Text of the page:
Healey says Biden should ‘carefully evaluate’ his odds of beating Trump; Moulton latest to urge him to step aside

Healey says Biden should ‘carefully evaluate’ his odds of beating Trump; Moulton latest to urge him to step aside

Local News

President Biden is under increasing pressure from notable Democrats to step down and let a younger candidate run.

President Biden greets Mass. Gov. Maura Healey after arriving in Boston in May. Alex Brandon/AP

As President Biden attempts to right the ship of his reelection campaign after a disastrous debate performance last week, pressure is mounting from some prominent Massachusetts politicians for him to step aside. 

This week, Mass. Gov. Maura Healey reportedly offered a brutally frank assessment of Biden’s chances of returning to the White House for another four years. 

During a call with her fellow Democratic governors Monday, Healey said that she had told Biden’s Chief of Staff Jeff Zients that the president’s political position was “irretrievable,” The New York Times reported. A source familiar with the conversation also confirmed Healey’s comments to The Boston Globe.

On Friday, Healey issued a statement to the Globe clarifying her position.

“President Biden saved our democracy in 2020 and has done an outstanding job over the last four years. I am deeply grateful for his leadership. And I know he agrees this is the most important election of our lifetimes,” she said. “The best way forward right now is a decision for the President to make. Over the coming days, I urge him to listen to the American people and carefully evaluate whether he remains our best hope to defeat Donald Trump.”

Healey, who burnished her reputation in the Democratic party by suing the Trump administration nearly 100 times while she was Attorney General, has been a prominent surrogate for Biden in 2024. 

“Whatever President Biden decides, I am committed to doing everything in my power to defeat Donald Trump,” Healey said in the statement.

Attempting to assuage the fears of Democratic governors, Biden held a meeting at the White House Wednesday that Healey attended. She did not speak during that meeting, according to the Times. Biden reportedly told the governors that he needed to get more sleep and work fewer hours, but was not planning on ending his candidacy.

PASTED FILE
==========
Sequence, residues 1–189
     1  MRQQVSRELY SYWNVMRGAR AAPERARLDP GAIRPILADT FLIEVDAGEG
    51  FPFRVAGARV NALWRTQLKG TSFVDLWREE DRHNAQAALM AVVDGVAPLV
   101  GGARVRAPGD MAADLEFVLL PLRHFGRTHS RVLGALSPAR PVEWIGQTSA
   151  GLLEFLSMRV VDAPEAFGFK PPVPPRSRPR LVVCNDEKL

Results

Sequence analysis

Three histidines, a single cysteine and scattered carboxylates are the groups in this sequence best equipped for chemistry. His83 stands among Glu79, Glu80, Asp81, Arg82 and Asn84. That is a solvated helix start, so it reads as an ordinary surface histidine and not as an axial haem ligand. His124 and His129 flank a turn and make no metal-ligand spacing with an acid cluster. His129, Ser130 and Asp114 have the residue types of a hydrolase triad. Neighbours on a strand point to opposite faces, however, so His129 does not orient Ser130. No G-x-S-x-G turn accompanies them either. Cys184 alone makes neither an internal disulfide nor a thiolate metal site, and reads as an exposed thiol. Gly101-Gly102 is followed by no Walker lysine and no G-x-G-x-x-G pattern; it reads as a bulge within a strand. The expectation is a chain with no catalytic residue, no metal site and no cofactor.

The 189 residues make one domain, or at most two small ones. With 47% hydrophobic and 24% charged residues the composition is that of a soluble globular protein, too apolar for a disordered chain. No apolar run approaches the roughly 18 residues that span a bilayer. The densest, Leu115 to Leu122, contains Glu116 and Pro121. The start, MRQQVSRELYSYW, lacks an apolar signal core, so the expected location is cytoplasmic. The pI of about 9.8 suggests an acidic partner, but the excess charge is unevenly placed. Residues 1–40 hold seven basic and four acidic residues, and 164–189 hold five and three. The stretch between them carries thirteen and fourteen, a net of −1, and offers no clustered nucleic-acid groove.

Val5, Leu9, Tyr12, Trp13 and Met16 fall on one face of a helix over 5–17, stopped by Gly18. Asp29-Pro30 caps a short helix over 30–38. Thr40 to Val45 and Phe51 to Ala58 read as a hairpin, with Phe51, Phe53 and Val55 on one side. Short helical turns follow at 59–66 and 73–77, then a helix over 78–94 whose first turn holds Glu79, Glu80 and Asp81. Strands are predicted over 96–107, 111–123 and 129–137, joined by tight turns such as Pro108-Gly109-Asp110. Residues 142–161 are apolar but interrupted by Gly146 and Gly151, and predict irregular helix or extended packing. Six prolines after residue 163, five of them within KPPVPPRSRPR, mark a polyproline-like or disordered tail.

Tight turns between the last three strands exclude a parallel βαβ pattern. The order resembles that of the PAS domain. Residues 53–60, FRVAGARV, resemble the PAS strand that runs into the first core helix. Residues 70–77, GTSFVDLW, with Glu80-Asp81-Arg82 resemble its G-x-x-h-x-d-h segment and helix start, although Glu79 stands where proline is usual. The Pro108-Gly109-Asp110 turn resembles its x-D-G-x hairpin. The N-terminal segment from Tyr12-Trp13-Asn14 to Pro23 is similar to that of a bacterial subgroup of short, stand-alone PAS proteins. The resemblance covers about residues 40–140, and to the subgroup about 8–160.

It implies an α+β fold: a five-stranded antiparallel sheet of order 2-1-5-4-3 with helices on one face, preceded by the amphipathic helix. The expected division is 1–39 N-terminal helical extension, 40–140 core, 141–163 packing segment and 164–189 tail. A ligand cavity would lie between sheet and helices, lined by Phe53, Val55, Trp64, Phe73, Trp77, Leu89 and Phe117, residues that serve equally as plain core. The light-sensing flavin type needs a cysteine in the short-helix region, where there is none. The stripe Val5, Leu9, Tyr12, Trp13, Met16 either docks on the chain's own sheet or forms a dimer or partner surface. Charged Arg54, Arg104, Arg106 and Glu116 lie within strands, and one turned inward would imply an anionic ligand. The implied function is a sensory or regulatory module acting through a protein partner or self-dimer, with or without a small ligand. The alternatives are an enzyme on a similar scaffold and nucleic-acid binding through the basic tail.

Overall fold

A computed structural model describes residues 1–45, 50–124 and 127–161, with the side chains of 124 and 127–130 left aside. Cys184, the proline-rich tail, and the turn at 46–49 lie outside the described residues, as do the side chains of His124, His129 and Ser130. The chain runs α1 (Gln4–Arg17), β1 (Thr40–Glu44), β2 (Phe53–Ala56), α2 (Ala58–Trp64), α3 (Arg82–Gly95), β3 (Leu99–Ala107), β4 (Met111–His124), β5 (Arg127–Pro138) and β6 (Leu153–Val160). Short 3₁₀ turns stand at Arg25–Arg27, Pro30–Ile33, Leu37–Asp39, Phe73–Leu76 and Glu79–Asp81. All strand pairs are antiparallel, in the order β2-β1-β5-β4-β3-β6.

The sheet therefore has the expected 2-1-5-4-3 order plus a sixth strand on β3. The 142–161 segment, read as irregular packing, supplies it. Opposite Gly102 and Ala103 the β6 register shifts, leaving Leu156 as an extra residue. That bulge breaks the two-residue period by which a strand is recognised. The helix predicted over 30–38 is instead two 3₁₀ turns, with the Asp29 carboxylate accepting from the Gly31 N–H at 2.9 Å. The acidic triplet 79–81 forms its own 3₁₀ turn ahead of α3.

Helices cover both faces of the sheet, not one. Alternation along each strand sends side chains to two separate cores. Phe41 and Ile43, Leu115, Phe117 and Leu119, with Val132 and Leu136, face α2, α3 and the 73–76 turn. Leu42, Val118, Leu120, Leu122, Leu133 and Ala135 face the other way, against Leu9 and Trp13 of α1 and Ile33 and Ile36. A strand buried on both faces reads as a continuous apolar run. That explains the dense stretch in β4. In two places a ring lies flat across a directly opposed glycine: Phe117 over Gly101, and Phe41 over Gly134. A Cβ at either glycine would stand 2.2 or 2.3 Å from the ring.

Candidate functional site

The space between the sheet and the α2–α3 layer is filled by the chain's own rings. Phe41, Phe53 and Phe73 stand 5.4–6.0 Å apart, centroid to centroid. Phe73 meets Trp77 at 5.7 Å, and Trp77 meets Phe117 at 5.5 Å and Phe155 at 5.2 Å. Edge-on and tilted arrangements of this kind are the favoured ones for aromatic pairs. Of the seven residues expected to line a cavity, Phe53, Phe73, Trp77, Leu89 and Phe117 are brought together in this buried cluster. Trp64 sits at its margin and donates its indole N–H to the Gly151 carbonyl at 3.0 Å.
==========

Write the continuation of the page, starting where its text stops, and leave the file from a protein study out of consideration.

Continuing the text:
At a press conference after the meeting, the governors publicly rallied around Biden and re-emphasized their support of his campaign. But multiple governors were disappointed that there was little conversation during the meeting about whether Biden should continue his candidacy, the Times reported. That topic was discussed at length during the Monday call among the governors. None of them directly told the president that he should drop out during Wednesday’s meeting. 

On Thursday, U.S. Rep. Seth Moulton went on the record in calling for Biden to cede the spotlight. The representative for Massachusetts’ 6th District became the third sitting member of Congress to urge Biden to step aside, and the first from the Mass. delegation. Moulton told WBUR that his decision to speak out came after being contacted by scores of Democrats worried about Biden’s chances against Trump in November. 

“President Biden has done enormous service to our country, but now is the time for him to follow in one of our founding father, George Washington’s footsteps and step aside to let new leaders rise up and run against Donald Trump,” Moulton said in an interview with WBUR.

Healey’s reported assessment of Biden’s campaign and Moulton’s comments reflect a crisis reverberating through the entire Democratic establishment. Wealthy donors are working together to prepare for the potential of a new candidate stepping in. Some, like Netflix co-founder Reed Hastings, have gone public with their desire to see a new person atop the ticket. 

Significant support has coalesced around Vice President Kamala Harris. She would be the top alternative in the event that Biden drops out, senior sources at the Biden campaign, the White House and the Democratic National Committee told Reuters. A recent CNN poll found that a Harris-Trump matchup would be a toss up, with Harris having a better chance at defeating Trump than Biden. 

When asked about what should happen if Biden were to step down, Moulton did not commit to one particular approach in his interview with WBUR. He left the door open to a truncated primary process as well as the possibility that the nomination would go directly to Harris.

Elected officials are calling for President Joe Biden to drop his reelection bid. Do you agree?

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